CAVEAT: THIS BLOG CONTAINS (albeit often very childish) ADULT-CONTENT. DISCLAIMER: Entries at this blog are akin to good old-fashioned campfire chats; I offer no opinion on what you should or should not purchase, or what you should be using or doing. What does or does not work for me could be long country-miles away from your tastes and your needs. Any products, places, and / or whatnots that I review for this blog are purchased at retail price by me. I do not accept payment, gifts, discounts, freebies, products on loan, demon alcohol, drugs, plea-bargains, probation, parole, Presidential Pardons, or sexual favors for doing any review. TRACKING COOKIES: Google et al sticks tracking cookies on everybody. If you are online, you are being spied on; 'nuff said. You may be able to minimize your online footprints by using Tor and Duck Duck Go. Vive la liberté! Vive all y'all! Ante omnia armari. To each of you, thanks for stopping by!

Wednesday, June 11, 2008

Entry for June 11, 2008

I hate starlings. They are rats with wings. Two years ago, I found lots of them nesting in the attic of my relatively new house. Picture me, middle age, overweight, out of shape, crawling among the rafters, during the heat of August, with pellet-pistol and flashlight in hand, just shooting the living hell out of the feathered intruders. I’ll save the hoplophobic bird-huggers among you a phone call to the authorities; starlings are a non-native species and not protected, as are songbirds. I asked these birds to leave quietly and they refused, so I invoked The Castle Doctrine. Die you wretched starlings. Die!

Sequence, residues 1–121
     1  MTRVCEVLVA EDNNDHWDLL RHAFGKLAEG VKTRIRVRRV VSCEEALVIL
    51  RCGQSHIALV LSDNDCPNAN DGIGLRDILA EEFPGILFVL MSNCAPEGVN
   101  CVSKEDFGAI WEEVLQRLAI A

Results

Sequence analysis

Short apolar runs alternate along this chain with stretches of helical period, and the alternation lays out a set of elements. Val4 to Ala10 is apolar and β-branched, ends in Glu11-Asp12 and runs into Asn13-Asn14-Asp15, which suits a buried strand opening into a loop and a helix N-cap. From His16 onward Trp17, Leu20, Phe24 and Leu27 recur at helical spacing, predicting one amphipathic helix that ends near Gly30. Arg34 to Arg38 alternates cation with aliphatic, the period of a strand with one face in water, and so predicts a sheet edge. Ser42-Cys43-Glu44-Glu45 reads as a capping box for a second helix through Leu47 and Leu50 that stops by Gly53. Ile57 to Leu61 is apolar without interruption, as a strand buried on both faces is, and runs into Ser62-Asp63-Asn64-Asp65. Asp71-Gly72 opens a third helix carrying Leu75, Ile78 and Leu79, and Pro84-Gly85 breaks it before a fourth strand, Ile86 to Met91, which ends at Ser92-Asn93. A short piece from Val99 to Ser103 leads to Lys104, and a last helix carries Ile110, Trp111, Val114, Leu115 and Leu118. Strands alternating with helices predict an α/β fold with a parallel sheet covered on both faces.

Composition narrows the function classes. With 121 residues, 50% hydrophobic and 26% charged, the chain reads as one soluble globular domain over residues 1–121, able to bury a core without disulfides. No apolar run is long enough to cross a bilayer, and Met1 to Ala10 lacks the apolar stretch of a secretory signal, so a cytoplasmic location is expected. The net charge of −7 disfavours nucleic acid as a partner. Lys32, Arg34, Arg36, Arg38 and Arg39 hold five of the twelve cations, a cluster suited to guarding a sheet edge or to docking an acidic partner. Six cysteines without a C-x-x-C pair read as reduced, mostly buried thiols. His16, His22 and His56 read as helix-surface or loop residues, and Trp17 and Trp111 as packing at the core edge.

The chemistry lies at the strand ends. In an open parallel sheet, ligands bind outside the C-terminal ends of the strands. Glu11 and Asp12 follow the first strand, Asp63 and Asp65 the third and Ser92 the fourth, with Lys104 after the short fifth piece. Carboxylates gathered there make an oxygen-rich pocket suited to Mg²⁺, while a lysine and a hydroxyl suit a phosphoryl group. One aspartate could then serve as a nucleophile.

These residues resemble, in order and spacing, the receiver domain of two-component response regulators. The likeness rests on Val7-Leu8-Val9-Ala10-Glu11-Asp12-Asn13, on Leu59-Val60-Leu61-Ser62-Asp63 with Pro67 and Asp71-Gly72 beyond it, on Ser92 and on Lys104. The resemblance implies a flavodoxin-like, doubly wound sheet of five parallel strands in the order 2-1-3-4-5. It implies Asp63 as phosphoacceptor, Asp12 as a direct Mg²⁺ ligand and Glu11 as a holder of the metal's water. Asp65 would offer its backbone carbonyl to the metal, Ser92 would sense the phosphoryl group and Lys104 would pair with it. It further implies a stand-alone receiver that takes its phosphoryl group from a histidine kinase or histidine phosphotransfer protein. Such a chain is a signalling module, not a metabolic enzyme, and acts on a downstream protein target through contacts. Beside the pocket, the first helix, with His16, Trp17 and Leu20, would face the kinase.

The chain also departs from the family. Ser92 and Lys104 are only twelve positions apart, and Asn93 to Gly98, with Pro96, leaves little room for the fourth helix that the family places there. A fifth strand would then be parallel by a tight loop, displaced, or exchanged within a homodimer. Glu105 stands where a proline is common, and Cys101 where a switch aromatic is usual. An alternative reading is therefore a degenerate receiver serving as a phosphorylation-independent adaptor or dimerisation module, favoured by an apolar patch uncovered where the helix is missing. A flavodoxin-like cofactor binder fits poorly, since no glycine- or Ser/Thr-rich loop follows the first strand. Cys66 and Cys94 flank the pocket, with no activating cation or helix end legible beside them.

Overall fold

The contractor that built these houses used cheap, flimsy, metal ridge-vents on the roofs. On my house, some of the end caps were missing and some of the ridge-vent openings where bent and unscreened. I had a contractor come in and remove the metal ridge-vents, then install a different, more bird proof, ridge-vent design. Problem solved, right?

Now the flying vermin have discovered the exhaust fan vent for the downstairs half bath, and the exhaust fan vent for the stove. Starlings can hover much like a hummingbird and flip a vent exhaust louver open with their beaks, and sneak in an opening that looks like it would be too narrow for them. They are talented little pests. My first homeland defense instinct was to sit on the patio with my pellet rifle and Rambo every starling that came within range. My survival instincts reminded me that, since this is Waukegan, Illinois, there would be a good chance of a SWAT team response to my address after the neighbors called 911 to report “man with a rifle.” I considered shooting the starlings from inside the house through an open window, but again was concerned about the neighbors’ possible reactions to seeing the rifle barrel poking out. I decided on something more passive.

I found some ready made bird-proof covers for the bathroom and clothes-dryer exhaust vents, but had to improvise a cover for the stove exhaust vent. It has been a long, hard day with many trips shopping for the right materials, and many trips up and down the ladder. I am beat, but so are the starlings, at least for now.

James A. Zachary Jr.

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